1) Allow the user to upload an image. This image goes into the processing queue for background processing by the application or some service. Additionally, the name of the image goes into the user's personal processing queue -- likely a table in the database. Information about background processing in a web app can be found @ http://stackoverflow.com/questions/1134615/schedule-a-job-in-hosted-web-server/1135052#1135052

2) Process these images and, while processing, display a "processing graphic". You can have an ajax request on the product page that checks for images being processed and trys to reload them every X seconds.

3) While an image is being "processed", the user can opt out of processing assuming they're the one that uploaded the image. This is available either on the product page(s) that display the image or on a separate "user queue" view that will allow them to remove the image from consideration.

So, you end up with some more domain objects and those objects are managed by the queue. I'm a strong advocate of convention over configuration so the final destination of the product image(s) should be predefined. Something like:

images/products/{id}.jpg or, if a collection, images/products/{id}/{sequence}.jpg.

You then don't need to know the destination in the form. It's the same for all images.

The queue then needs to know where the temp image was uploaded and what the product id was. The queue worker pops items from the queue, processes them, and stores them accordingly.

I know this sounds a little more "structured" than what you originally intended, but I think it's a little cleaner.

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Thank you this input. I have added some more information to my original question if that is of any further use. –  Nathan Taylor Aug 11 '09 at 5:03
The image processing is real time, but exists inside an admin area to the website, so the overall usage of it is pretty minimal. At most, only a few images are likely to be processed per hour across the entire application. Another approach I also considered was simply having the application's Session_End event delete the entire temporary directory for the current session, but I'm not sure how ideal that is. –  Nathan Taylor Aug 11 '09 at 5:28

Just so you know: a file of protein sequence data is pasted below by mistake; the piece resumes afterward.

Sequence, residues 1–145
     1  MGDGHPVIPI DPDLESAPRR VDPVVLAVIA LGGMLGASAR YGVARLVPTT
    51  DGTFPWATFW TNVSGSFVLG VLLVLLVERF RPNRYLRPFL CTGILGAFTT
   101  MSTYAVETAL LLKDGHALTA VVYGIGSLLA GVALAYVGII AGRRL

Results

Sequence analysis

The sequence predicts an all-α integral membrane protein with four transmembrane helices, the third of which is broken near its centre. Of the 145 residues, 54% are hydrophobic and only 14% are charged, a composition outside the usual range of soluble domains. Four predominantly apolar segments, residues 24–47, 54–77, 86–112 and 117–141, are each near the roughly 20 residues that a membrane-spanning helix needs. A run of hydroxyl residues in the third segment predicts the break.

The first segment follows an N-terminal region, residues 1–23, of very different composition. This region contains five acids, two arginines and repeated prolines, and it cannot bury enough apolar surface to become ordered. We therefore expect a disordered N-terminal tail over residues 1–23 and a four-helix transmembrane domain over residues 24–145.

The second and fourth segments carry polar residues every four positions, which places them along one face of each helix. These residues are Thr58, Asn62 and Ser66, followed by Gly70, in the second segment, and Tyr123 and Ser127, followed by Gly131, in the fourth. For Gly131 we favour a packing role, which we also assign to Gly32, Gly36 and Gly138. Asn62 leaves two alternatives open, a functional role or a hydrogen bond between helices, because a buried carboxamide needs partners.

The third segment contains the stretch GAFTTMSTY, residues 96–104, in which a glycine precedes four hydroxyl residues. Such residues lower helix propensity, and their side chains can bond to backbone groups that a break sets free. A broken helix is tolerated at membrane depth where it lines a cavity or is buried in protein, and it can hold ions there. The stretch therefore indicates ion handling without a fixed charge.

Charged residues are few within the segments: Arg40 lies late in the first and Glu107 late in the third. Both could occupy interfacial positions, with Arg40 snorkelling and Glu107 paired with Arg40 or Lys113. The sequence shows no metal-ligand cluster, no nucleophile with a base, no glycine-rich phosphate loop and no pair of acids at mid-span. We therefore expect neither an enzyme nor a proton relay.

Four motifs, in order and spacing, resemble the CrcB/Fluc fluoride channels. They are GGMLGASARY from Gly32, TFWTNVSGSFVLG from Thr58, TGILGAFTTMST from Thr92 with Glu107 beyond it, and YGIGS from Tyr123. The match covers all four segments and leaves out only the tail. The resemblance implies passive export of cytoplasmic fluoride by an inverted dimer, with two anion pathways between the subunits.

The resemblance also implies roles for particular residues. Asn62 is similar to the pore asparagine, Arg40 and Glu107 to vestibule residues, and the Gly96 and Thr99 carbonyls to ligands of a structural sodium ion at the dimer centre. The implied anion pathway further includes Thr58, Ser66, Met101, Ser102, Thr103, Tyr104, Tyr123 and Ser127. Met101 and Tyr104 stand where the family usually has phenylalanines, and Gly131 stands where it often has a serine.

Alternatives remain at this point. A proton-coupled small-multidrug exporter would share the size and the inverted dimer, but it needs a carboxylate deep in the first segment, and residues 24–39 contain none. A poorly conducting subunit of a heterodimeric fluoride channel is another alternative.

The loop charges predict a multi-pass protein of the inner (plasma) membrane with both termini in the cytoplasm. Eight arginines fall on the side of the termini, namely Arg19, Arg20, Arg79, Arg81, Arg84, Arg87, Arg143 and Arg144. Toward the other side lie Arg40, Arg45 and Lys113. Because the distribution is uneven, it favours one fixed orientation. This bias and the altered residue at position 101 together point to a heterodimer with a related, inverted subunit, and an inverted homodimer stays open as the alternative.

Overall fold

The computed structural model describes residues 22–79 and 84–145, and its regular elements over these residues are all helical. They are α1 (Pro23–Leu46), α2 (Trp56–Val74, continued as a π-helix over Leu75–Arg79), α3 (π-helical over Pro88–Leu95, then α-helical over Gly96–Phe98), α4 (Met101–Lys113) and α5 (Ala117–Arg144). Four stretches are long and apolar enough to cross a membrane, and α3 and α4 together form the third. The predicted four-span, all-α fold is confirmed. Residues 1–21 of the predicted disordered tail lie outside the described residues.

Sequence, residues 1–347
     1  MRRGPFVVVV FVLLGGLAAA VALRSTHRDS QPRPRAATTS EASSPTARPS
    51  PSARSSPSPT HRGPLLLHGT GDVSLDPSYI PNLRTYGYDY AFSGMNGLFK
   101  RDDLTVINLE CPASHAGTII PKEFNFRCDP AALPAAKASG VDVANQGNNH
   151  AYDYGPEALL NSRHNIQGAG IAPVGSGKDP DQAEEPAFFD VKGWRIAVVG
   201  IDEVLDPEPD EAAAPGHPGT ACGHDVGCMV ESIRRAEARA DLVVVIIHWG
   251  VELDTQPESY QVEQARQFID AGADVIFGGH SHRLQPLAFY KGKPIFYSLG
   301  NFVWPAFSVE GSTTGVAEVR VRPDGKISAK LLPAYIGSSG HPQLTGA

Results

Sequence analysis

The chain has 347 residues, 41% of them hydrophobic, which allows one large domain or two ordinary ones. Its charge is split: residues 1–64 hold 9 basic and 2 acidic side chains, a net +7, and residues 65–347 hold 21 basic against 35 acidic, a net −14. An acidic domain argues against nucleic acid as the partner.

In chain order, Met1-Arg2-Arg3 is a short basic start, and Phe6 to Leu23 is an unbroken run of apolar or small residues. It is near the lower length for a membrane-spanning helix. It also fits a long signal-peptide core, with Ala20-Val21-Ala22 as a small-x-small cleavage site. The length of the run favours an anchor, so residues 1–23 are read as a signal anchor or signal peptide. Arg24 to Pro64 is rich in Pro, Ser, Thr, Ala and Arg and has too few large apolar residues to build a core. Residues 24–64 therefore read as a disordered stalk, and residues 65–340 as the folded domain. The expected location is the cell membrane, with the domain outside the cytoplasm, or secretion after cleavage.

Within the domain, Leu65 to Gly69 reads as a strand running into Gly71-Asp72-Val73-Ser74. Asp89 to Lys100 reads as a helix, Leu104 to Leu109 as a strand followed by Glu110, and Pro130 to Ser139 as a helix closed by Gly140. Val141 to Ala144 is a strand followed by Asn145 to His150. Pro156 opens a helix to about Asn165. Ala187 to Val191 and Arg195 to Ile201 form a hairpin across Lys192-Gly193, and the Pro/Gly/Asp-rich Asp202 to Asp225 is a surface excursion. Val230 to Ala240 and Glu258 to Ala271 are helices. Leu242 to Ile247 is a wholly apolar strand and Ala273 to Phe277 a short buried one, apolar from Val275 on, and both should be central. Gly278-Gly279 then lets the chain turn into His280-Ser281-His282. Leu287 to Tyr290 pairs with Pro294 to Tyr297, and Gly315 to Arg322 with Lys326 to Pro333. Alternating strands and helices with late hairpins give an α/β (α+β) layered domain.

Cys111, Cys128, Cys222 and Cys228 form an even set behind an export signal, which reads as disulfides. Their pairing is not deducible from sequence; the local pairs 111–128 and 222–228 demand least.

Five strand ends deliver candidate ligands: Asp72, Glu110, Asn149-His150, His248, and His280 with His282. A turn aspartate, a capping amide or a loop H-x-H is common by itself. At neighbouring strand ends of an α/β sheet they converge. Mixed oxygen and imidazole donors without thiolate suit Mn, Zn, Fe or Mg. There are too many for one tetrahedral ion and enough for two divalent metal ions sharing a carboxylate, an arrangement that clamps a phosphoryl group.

If your user has uploaded a lot of images that are processing, I don't think you could guarantee that it would be done when their session expires. I would delete it once "processing" has completed. The worker thread(s) should stay alive as long as the queue has items to process so it's safe to assume that. As long as your app pool isn't "slept", your system should continue to process ok. Pretty sure it's covered in the article I linked. –  andymeadows Aug 11 '09 at 5:56
Indeed. Not only is it a low occurrence operation but it's only performed one file at a time. I'll take a look at what you linked all the same. –  Nathan Taylor Aug 11 '09 at 6:03
You're actually right on the money there. It already does exactly that, but the way the image upload action is configured it returns a generic result that contains a pair of file names that are generated from a structure rule. I'm just trying to keep a buffer of all uploads that go through the system whether they're "Products" or "Parts". –  Nathan Taylor Aug 11 '09 at 7:03

Is there complete equivalence between the UploadController and ProductController?

As files are uploaded by the UploadController, data about the upload is stored in the Session. After this happens I need to access that Session data in the ProductController.

As I read that the UploadControl needs read and write access to Upload data, the ProductController needs only read.

If that's true then you can make it clear by using an immuatable wrapper around the upload information and have the UploadController put that into the session.

The Session itself is by definiton a public shared noticeboard, decouples explicit relationships at the cost of allowing anyone to get and put. You could allow the ProductController to know about the UploadController and hence remove the need for passing the upload information via the session. My instinct is that the upload info is interesting to the public, so using Session is reasonable.

I don't see any DRY violation here, we are explicitly trying to separate responsibilities.

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I'm not certain if this qualifies more as a DRY issue or just one of poorly defined component communication. Session is obviously designed to bridge the exact gap I am trying to fill, it just doesn't feel particularly clean in this scenario. –  Nathan Taylor Aug 11 '09 at 8:30